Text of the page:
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Hamline Student Receives Equal Justice Award

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Hamline student Kris-Ann Norby-Jahner is the 2009 Equal Justice Award recipient. The award, which was presented by Associate Dean Marie Failinger at a luncheon sponsored by the Minnesota Women Lawyers (MWL), reflects the MWL's commitment to social justice by honoring a Minnesota law student who has most effectively addressed an important and timely legal and social issue of justice and equality. 

Kris-Ann is a third year law student at Hamline while simultaneously pursuing her Ph.D. in English at Kent State University, where her dissertation focuses on sexual harassment in law and literature. A member of Minnesota Women Lawyers, she has been recognized for the pro bono work she has done in law school as a volunteer mediator, Street Law instructor and clerk for the Volunteer Lawyers Network. At Hamline, she has served as managing editor of the Hamline Law Review, a National Moot Court participant and best brief finalist and has been an active member of Minnesota Justice Foundation, Hamline Women's Legal Caucus, the Alternative Dispute Resolution organization, and Delta Theta Phi Fraternity.  In her "spare time," Kris-Ann has clerked for Mansfield, Tanick and Cohen and served as a judicial extern for 10th District Court Judge Tammi Fredrickson.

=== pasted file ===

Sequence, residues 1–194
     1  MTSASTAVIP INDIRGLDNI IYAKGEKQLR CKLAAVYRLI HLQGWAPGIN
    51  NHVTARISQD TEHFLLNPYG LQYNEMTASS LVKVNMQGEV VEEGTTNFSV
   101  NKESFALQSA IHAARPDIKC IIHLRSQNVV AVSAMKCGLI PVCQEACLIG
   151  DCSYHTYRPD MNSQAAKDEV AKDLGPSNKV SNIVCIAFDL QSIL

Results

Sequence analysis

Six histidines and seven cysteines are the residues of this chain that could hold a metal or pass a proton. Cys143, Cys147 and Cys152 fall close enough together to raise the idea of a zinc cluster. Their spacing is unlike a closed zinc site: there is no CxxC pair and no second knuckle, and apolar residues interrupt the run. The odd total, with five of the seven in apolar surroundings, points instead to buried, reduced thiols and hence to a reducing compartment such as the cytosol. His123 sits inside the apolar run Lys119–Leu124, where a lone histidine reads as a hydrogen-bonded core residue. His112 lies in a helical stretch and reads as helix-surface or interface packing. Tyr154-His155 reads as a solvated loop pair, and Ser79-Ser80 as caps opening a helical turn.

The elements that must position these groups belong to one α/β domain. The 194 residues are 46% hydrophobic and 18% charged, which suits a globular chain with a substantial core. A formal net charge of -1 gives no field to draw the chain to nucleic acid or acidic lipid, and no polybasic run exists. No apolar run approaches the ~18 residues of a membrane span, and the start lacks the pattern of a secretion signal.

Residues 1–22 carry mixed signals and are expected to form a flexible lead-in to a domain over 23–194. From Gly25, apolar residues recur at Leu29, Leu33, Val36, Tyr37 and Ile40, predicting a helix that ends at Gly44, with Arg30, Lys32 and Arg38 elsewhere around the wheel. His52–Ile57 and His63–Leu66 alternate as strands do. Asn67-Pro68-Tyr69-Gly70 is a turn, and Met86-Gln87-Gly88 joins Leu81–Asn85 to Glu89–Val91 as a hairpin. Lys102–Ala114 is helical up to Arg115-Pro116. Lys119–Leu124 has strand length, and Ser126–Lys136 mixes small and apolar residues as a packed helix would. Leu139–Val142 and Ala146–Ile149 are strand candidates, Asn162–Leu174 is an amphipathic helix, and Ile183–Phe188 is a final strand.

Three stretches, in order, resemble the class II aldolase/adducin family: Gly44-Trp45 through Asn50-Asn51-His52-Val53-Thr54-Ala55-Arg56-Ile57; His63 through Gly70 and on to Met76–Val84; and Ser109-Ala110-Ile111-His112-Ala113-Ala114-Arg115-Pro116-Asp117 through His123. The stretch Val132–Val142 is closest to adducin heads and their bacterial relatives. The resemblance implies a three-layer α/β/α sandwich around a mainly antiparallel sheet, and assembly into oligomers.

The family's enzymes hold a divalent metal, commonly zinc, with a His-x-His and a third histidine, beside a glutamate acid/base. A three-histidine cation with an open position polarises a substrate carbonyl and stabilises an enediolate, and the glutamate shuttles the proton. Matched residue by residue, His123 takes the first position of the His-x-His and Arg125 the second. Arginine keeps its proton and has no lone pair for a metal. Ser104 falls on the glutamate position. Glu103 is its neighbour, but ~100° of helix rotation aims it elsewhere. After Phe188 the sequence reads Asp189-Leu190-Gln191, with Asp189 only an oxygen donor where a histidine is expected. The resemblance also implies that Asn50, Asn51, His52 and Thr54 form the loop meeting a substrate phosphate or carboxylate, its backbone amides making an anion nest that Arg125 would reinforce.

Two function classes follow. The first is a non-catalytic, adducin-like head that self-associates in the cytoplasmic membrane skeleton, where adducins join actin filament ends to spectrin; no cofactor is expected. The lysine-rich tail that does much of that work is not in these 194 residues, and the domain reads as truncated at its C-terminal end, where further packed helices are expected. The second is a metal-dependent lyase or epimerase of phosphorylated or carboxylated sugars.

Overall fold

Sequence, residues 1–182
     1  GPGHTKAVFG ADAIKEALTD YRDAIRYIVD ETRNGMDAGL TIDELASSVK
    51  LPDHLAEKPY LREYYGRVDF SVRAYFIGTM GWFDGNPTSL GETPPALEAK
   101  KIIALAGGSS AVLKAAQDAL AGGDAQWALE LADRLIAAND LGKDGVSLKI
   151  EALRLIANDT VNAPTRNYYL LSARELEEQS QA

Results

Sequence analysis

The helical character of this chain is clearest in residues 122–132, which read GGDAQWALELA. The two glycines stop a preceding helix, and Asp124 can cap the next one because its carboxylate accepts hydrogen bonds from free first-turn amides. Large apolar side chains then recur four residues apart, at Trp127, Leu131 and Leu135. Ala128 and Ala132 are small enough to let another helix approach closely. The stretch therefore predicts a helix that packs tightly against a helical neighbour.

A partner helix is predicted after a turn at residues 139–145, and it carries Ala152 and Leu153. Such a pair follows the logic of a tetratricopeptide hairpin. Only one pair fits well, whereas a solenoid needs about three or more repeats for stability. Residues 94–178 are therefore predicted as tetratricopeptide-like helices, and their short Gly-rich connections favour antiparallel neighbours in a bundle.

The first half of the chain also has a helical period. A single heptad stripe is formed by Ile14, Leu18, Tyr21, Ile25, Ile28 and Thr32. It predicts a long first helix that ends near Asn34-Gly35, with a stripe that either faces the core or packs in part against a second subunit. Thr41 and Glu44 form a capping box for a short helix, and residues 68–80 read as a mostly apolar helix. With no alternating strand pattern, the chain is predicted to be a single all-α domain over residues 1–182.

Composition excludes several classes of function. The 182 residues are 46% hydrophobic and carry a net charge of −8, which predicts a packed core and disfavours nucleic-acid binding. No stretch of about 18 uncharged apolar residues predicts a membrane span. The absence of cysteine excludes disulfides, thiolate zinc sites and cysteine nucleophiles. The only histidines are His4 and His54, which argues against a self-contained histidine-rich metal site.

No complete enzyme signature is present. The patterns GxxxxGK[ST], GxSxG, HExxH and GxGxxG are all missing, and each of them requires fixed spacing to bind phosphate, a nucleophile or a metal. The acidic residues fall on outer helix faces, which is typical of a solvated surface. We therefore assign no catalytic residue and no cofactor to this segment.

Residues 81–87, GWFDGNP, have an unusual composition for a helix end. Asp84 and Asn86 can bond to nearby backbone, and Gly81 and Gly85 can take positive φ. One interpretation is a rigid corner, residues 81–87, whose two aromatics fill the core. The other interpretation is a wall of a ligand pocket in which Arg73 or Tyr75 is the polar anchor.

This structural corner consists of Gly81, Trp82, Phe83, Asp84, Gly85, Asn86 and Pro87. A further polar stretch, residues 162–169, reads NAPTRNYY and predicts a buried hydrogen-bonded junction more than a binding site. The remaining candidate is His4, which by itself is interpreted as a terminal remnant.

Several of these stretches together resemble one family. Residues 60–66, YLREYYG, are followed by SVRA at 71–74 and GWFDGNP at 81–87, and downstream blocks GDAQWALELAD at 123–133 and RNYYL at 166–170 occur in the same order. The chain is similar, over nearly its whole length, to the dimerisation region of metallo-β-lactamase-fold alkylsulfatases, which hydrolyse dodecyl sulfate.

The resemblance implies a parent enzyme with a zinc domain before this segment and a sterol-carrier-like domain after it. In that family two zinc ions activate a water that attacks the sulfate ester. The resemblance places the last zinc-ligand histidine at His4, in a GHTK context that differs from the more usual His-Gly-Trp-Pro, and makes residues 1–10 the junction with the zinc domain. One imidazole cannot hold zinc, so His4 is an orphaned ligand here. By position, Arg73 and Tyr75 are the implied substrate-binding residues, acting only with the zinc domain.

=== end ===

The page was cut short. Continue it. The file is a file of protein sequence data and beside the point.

Kris-Ann's paper, which will be published in the Hamline Law Review, is entitled, "'Minor' Online Sexual Harassment and the CDA section 230 defense:  New Directions for Internet Service Provider Liability."  In this paper, Kris-Ann takes on the growing problem of sexual harassment of minors in the Internet, effectively illustrating how email  or postings on popular sites  like MySpace and Facebook have cause severe emotional harm to young women and gay and lesbian youth with no existing legal redress.  She proposes that Internet Service Providers can and should be held liable for failing to monitor and prevent online sexual harassment because they are in the best position to be aware of and stop the extensive harm caused by such online predatory behavior. 

"We commend her clear, compelling and comprehensive analysis of the problem, her careful statutory analysis of existing legal solutions including the Communications Decency Act, and her creative and balanced proposed statutory solution to this problem," said Associate Dean Failinger.